Diesel or petrol? It’s probably the first question car buyers should determine before anything else. Which is better will depend on your circumstances, budget, and preferences. Let’s look at the three factors you need to consider when deciding between a petrol or diesel car.
A petrol car could deliver as much as 30% less fuel economy than its diesel counterpart, but it may be cheaper to own in the long-run.
Running costs tend to be a far larger matter than fuel consumption. These are the costs such as insurance, servicing, purchase price, and, of course, depreciation. All of these factors can vary considerably between diesel and petrol versions of the exact same car.
Cars that are powered by diesel are typically more expensive to buy and service than the same car in a petrol version. However, ‘diesel premium’ reduces as cars get bigger.
One of the most influential factors when it comes to running costs is time. Depreciation is no doubt the biggest cost in car ownership, so resale value will play a massive role in deciding whether to purchase a diesel or petrol vehicle.
Fortunately, diesel vehicles are usually cheaper to insure and tax, and the more miles you cover, the more likely you are to save money with a diesel.
If you already have a negative opinion of diesel cars based on one you drove maybe five or ten years ago, it’s time to rethink your opinion. Engineering advances have finally blurred the line between diesel and petrol, in both refinement and performance.
A diesel can develop maximum torque – that “push” you need to pick up speed – at much lower engine revs. This means you can change up through the gears earlier on. Such a narrow power band can render manual gear changes somewhat of a bore, but modern automatic vehicles work extremely well with diesel engines. Furthermore, today’s diesel engines are a lot smoother than their petrol counterparts, particularly the two and three-cylinder petrol units that seem to be a popular choice for manufacturers who want to boost fuel efficiency.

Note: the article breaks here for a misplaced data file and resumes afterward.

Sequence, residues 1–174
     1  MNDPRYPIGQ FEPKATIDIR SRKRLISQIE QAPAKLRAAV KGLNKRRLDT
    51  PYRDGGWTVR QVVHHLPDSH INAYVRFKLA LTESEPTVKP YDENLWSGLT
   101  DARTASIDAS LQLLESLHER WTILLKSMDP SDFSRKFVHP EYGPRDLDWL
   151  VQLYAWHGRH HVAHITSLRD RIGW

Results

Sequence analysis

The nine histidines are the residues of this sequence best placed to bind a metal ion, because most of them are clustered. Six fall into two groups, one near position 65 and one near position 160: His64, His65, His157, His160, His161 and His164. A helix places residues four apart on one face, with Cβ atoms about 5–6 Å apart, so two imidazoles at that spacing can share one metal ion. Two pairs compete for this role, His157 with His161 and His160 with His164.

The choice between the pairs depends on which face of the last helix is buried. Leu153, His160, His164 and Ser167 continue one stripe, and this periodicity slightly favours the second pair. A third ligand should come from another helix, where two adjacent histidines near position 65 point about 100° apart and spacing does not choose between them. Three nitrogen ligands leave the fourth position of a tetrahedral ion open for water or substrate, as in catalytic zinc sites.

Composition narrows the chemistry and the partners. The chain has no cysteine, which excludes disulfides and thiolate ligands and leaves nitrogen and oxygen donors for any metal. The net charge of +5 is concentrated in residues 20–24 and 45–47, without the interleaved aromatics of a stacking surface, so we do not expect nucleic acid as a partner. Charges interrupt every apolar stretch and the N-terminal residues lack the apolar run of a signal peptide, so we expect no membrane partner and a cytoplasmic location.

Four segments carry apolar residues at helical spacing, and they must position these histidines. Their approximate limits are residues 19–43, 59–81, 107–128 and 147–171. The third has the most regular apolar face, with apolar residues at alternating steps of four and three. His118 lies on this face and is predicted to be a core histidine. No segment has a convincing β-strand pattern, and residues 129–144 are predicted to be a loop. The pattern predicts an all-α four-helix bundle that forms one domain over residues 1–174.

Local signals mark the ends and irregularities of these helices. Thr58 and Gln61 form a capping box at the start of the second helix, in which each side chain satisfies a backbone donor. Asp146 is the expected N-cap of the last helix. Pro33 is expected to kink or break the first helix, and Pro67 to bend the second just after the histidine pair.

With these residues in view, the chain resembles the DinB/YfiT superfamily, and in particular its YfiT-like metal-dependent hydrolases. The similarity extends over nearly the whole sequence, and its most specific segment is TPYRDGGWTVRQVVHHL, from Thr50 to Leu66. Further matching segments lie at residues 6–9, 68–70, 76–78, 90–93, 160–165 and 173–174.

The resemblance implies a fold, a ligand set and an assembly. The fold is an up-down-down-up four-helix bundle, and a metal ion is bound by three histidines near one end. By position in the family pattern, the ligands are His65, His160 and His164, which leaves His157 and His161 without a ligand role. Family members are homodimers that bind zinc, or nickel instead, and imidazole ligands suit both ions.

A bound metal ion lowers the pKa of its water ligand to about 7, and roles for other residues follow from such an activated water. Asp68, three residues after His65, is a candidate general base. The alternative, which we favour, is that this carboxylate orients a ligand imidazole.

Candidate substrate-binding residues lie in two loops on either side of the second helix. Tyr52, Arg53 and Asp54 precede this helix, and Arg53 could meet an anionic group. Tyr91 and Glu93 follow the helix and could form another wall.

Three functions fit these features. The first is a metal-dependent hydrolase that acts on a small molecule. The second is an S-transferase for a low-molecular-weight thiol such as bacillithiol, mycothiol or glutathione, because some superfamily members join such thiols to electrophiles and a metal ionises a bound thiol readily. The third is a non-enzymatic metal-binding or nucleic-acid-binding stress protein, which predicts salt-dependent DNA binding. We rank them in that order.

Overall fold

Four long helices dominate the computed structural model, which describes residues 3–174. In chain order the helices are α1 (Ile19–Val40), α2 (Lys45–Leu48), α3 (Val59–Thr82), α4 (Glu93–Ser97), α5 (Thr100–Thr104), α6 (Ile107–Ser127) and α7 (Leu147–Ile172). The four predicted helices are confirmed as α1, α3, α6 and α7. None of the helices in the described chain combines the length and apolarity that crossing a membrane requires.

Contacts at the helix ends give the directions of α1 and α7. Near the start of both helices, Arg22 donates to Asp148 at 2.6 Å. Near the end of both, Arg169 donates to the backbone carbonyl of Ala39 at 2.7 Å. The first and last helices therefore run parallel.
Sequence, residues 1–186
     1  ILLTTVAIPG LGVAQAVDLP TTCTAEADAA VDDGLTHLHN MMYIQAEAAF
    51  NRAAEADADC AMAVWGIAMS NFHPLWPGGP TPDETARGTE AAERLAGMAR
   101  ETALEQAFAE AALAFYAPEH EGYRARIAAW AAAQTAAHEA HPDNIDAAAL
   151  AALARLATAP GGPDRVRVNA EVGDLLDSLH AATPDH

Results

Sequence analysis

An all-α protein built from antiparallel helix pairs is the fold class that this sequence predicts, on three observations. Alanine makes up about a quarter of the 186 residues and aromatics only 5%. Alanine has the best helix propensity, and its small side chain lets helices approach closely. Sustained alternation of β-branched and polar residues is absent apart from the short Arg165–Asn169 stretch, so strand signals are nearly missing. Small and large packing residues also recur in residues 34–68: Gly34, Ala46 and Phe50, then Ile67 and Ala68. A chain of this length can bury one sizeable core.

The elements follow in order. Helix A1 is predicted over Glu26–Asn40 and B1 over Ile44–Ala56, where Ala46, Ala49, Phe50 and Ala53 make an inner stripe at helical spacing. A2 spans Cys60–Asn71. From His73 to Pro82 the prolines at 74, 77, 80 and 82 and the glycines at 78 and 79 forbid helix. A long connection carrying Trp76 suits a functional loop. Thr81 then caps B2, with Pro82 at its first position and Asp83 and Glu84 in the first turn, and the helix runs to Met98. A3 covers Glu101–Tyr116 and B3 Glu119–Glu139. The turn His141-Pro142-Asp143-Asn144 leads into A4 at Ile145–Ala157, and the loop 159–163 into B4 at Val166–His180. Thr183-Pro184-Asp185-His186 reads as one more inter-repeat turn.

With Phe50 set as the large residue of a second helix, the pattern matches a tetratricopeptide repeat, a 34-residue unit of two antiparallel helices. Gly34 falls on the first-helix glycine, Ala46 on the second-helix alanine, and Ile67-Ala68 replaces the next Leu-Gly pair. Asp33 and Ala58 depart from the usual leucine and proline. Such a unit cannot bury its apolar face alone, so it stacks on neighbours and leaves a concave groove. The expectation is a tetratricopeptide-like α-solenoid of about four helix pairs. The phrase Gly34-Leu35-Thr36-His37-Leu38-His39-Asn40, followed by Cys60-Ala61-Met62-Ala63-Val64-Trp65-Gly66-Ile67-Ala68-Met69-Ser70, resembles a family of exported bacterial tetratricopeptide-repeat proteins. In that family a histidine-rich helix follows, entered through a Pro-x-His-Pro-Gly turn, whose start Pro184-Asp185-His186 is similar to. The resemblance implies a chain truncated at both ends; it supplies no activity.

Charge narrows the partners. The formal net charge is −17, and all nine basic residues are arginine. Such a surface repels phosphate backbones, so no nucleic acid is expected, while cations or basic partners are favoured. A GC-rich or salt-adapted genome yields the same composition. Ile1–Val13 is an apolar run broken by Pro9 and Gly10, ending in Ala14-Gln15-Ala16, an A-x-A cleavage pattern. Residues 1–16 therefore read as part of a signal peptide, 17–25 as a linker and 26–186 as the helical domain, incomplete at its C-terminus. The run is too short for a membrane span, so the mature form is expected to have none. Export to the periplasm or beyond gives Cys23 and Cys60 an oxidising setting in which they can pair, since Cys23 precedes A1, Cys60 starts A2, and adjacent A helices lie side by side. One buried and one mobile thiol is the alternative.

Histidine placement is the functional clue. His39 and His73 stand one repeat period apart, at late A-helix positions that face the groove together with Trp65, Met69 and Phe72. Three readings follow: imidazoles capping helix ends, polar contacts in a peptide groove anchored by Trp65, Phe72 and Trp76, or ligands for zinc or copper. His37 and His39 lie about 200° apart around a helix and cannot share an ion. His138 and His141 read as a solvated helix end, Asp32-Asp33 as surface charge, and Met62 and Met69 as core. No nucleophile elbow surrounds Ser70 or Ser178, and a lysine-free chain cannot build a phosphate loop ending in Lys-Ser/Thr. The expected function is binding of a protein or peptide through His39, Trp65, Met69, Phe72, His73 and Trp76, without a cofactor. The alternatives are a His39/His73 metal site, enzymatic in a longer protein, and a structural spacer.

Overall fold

Good diesel engines are about 35% efficient, whereas petrol cars are around 27%. However, companies like Mazda have been closing the gap by manufacturing petrol engines with a diesel-type torque, and also diesel engines with a petrol-like response. Today’s petrol engines are becoming lighter, smaller, and far more efficient without losing out on performance.
An important factor to consider when choosing a diesel vehicle is the increase in the use of diesel particulate filters, or DPFs. With mixed driving, the filters are fine, but if you tend to drive around town the most, you may want to think twice before buying a DPF-equipped vehicle. Low-speed urban motoring tends to clog the filters.
Still Not Sure Which Car to Pick?
If your still on the fence, this video should help you with a little more information on the subject.
Deciding which fuel type car will be most cost-efficient for you over time isn’t the easiest decision. Be sure to do your research first: there are plenty of sites where you can check out running costs for specific makes and models.
To make things more complicated, or maybe more simple, check in soon for my post on Electric Cars and how they are bringing the future into the present.